After the felicitation, Bob is asked by the Butter Sculpting officials to retire; as long as he competes, nobody else can win. Make way for some new butter sculptors. Bob, being Bob, agrees, which ticks off Laura who suddenly sees her visions of political office flying out the window. Neither of them have any other credentials other than Bob’s butter sculpting ones. The rest of the movie is about Laura entering the contest alone and doing all kinds of corrupt things to win the contest with the help of the old boyfriend, Boyd Bolton, the car dealer, played with the right amount of creepiness by Hugh Jackman. After he has sex with Laura, when Laura comes back to get his help in planning her butter sculpting coup, he actually thanks God for sending her back his way to have sex with her, once again. He also cannot spell or read. For instance, the part where he gives false testimony to the officials– he is reading off of a note hidden inside his cowboy hat — he stumbles across the word “conscience.” He cannot read it and finally after many tries, reads it as “con” + “science.”  Very funny screenplay.

Laura’s adversary in the butter sculpting competition is a ten -year old sculpting phenomenon, an orphaned African-American girl, Destiny, wonderfully and memorably played by the young actress Yara Shahidi, passed around from foster home to foster home and who quite fortuitously ends up in Iowa City. This movie has a fantastic screenplay with every character in this ensemble cast so essentially defined that we get to see these folks as real people. For instance, Rob Corddry (from the Colbert Report) and Alicia Silverstone are just terrific as Destiny’s loving and caring foster and later real adoptive parents. Just a lovely performance from both Corddry and Silverstone.  The young Yara Shahidi is a natural actress; she plays a sweet and in many ways precocious and good-natured little girl who refuses to let the largely adult world that has let her down diminish her sense of who she is. Similarly, Olivia Wilde gives a very funny and memorable performance as Brooke, the stripper to whom Bob goes when he is sufficiently harassed by Laura for being unambitious and ineffective.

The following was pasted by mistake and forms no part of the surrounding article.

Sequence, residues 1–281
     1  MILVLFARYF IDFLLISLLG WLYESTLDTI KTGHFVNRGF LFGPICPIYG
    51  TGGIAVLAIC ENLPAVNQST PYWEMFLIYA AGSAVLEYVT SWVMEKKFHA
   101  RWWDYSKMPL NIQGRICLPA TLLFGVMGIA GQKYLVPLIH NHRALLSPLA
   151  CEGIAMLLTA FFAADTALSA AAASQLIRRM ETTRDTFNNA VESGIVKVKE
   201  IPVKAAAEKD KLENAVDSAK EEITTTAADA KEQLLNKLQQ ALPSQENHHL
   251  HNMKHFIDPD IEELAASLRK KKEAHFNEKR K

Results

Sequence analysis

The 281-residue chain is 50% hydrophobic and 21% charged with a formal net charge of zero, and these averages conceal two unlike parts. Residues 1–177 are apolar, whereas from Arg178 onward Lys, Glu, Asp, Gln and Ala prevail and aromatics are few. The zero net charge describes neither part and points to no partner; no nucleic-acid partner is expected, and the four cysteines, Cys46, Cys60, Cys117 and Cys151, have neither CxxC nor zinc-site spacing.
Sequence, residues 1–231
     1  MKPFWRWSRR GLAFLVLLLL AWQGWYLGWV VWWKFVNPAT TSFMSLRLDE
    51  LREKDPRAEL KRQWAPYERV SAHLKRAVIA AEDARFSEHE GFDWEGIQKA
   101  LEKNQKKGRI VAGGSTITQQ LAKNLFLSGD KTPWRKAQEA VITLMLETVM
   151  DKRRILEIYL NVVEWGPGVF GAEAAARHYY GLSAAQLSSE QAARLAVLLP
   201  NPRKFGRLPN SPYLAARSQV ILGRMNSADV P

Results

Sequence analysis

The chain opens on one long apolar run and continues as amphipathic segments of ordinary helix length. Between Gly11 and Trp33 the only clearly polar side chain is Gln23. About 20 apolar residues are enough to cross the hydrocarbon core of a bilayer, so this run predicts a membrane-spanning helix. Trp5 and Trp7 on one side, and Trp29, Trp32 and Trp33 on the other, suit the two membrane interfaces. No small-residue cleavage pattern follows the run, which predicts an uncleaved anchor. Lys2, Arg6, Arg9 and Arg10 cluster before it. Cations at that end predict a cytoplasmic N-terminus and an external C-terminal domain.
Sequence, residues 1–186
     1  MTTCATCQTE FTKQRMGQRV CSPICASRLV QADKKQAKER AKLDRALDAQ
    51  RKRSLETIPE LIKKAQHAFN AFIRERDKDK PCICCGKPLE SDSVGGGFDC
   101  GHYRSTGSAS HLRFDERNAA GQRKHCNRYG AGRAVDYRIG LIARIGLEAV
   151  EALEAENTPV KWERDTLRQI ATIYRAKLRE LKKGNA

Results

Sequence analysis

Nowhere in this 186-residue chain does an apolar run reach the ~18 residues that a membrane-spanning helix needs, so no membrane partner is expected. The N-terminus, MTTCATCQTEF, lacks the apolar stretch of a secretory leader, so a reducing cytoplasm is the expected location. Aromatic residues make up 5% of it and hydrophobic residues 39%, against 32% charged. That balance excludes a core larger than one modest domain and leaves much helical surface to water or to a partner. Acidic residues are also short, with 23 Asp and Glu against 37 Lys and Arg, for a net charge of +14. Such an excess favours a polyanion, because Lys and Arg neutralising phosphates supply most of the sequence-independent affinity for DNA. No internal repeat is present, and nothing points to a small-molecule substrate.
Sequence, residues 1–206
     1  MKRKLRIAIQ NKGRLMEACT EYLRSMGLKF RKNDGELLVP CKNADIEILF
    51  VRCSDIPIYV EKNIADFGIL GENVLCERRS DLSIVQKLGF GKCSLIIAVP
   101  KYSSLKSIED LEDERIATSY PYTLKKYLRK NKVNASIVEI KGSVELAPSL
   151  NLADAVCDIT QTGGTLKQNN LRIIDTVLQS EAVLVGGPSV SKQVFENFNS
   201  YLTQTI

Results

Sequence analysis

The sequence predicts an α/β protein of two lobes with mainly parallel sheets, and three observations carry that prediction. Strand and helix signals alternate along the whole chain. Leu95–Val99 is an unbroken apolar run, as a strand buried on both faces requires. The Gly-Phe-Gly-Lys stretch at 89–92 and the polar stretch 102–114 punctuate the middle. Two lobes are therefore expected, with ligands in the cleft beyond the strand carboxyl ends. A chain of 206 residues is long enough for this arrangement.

Laura and the boyfriend Boyd commit all kinds of creepy things to throw the little girl Destiny off from winning the competition. But since this is a comedy, they are exposed for who they are, and Destiny wins the competition. The movie ends with Laura declaring that she will be running for the governor of Iowa since she heard God asking her to do so. Well, if God can ask Sarah Palin to run for office in Alaska, why should he let Iowa off the hook?

This is a very very funny movie, smartly written and directed, and with great performances all round.  Every performance is just pitch perfect, including the minor actors playing the regular townspeople exasperated by Laura’s temper tantrums. I loved Phyllis Smith, who played Nancy, the secretary of the butter sculpting federation, and Kristen Schaal as Carol Ann-Stevenson of the Bob Pickler fan club. Wonderful performances.  Great screenplay by Jason Micallef and totally sweet directing by Jim Field Smith. See it, if you haven’t.